Period Poverty is a global issue that affects over 500 million people worldwide. Hannah Byrne examines how it is being dealt with in Ireland.
Period poverty is an issue that affects many people who menstruate in Ireland and around the world. A period poverty report in Ireland done in January 2021 found that 85,000 individuals in Ireland are at risk of period poverty. This statistic is only one of the many stark figures to show that period poverty is an issue in all communities worldwide. In 2022, Scotland became the first country worldwide to make period products free for those who need them. How does Ireland fare in comparison?
The movie I, Daniel Blake contains a scene where a character is caught shoplifting period products, this struck a chord with Claire Hunt of Positive Period Ireland and prompted her to create the organisation. “It was something I hadn’t thought about - period poverty, it was something I just never knew about and sadly it is very much still an issue in this country.” Positive Period Ireland is an organisation that collects and donates period products to a range of people who are in need as well as looking at the positive side of periods. Claire lists some of these as food banks, direct provision centres, DEIS schools, sex workers and homeless people.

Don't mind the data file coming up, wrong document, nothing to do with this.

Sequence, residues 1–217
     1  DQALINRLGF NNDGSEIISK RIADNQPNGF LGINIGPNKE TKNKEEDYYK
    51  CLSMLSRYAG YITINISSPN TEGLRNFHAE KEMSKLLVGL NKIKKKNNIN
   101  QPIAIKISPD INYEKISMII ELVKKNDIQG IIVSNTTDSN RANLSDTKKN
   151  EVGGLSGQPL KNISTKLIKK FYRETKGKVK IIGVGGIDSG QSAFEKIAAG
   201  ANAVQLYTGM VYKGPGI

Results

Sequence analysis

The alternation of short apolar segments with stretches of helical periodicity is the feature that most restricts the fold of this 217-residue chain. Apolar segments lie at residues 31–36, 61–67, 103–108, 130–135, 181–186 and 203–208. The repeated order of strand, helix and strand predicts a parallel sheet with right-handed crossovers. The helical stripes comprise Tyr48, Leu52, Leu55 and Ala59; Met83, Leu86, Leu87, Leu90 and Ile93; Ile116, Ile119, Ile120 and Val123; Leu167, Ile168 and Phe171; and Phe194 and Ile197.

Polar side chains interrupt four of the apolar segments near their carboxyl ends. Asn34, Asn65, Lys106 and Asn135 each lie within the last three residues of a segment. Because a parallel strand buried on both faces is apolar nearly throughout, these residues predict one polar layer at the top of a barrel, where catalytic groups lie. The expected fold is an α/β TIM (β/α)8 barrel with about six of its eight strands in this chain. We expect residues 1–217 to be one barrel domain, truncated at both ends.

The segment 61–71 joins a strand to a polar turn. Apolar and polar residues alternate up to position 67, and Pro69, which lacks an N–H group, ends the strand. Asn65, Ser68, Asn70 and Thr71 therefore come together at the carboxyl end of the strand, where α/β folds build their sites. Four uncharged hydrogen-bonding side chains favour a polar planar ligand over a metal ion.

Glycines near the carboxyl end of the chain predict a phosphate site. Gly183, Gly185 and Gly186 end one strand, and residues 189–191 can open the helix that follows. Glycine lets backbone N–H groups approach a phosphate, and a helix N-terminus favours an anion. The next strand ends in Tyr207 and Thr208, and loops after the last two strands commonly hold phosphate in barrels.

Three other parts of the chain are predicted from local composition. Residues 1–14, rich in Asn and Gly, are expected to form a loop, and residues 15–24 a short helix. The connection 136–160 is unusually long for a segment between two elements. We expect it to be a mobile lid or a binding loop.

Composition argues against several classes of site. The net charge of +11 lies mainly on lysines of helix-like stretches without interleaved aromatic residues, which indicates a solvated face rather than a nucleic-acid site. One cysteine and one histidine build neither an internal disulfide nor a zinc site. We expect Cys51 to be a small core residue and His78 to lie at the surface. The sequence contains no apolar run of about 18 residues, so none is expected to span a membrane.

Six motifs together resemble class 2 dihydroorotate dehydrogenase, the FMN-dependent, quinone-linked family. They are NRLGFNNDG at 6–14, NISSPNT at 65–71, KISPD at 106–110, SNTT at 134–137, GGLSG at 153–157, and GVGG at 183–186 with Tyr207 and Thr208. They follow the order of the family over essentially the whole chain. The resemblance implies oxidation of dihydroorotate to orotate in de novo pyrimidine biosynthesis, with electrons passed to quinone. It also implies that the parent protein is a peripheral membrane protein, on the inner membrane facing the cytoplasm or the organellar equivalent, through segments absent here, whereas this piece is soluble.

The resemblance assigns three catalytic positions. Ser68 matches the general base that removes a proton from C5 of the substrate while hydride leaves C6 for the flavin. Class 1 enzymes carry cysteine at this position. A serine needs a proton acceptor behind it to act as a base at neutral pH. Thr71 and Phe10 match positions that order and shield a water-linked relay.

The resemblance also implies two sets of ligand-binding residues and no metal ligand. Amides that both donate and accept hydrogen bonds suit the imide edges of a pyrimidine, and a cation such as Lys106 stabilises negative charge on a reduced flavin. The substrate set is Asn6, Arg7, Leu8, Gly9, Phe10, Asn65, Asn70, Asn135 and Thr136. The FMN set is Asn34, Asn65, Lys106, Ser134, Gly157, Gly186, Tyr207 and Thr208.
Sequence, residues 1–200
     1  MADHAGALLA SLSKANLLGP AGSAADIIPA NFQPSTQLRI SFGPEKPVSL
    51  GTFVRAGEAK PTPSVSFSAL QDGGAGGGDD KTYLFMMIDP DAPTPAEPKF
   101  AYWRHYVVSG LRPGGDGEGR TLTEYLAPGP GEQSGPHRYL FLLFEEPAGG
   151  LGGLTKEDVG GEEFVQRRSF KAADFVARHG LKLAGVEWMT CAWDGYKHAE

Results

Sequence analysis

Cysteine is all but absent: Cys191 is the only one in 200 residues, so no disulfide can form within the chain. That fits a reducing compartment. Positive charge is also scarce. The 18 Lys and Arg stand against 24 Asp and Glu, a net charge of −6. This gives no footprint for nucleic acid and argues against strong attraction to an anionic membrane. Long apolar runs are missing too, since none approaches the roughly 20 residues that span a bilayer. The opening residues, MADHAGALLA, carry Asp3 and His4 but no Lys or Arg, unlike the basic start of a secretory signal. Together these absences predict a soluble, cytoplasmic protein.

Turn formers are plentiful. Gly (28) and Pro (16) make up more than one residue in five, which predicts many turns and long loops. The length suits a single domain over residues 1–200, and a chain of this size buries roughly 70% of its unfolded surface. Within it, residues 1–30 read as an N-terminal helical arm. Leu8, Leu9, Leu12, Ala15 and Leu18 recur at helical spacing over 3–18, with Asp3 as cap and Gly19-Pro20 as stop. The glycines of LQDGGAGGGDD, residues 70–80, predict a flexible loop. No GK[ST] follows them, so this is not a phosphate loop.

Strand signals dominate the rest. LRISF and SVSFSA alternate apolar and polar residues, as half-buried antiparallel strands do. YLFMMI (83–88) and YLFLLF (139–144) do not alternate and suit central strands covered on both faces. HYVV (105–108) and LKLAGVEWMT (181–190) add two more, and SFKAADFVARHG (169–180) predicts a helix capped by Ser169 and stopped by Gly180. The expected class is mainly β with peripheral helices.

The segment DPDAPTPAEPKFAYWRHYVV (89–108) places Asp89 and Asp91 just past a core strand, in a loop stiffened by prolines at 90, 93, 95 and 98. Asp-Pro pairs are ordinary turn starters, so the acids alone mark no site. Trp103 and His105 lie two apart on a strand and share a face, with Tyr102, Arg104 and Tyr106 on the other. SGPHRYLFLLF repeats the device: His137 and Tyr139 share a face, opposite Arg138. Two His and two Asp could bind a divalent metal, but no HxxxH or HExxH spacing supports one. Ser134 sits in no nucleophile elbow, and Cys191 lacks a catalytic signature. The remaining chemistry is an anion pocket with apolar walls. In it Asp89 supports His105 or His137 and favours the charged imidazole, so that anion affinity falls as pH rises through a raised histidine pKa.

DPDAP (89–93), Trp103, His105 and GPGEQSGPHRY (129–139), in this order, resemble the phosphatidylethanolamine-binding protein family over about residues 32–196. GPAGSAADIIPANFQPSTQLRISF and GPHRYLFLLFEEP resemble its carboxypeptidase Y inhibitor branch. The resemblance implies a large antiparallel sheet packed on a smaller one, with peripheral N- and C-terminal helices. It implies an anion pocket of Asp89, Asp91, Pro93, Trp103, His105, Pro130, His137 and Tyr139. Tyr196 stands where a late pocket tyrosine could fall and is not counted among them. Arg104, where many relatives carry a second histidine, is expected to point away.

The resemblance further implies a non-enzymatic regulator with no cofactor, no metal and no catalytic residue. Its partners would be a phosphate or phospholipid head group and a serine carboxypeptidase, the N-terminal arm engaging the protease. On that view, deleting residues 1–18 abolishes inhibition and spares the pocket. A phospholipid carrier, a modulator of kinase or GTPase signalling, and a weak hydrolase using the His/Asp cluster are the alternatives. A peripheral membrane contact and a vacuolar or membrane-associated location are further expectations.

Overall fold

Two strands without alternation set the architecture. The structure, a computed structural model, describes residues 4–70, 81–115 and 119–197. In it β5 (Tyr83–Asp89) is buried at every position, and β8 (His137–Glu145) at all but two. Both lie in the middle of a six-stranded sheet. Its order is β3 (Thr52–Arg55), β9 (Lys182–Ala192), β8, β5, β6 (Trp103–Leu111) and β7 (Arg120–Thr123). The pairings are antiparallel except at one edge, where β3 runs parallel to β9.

Positive Period Ireland started at a time that Hunt described as a “silent space” for conversations around periods. Despite the impact that the organisation has had in breaking this silence, by supplying hundreds of products and collaborating with brands such as Lidl to provide free period products, she believes that not enough is being done by the government to stop period poverty. “In the last year, I kind of stopped doing the donation points in the hope that the government would step in and do something meaningful as opposed to a little soundbite on women’s day, but that, unfortunately, hasn’t happened, which is just ridiculous in this day and age, so [I’m] still pushing for universal period products.” She added, “There is very much silence around the issue at the moment, come Women’s Day and things like that there is a little bit of traction but it is quite frustrating because as you know periods happen every month.”
“I kind of stopped doing the donation points in the hope that the government would step in and do something meaningful as opposed to a little soundbite on women’s day, but that, unfortunately, hasn’t happened”
A discussion paper about Period Poverty in Ireland was published in January 2021 by Minister for Children, Equality, Disability, Integration and Youth Roderic O’Gorman and Minister for Health Stephen Donnelly. In this report, a key finding stated, “Overall annual costs of period products per woman are estimated at €96.72. With the inclusion of pain relief, this can be estimated at a minimum of €121 per annum.”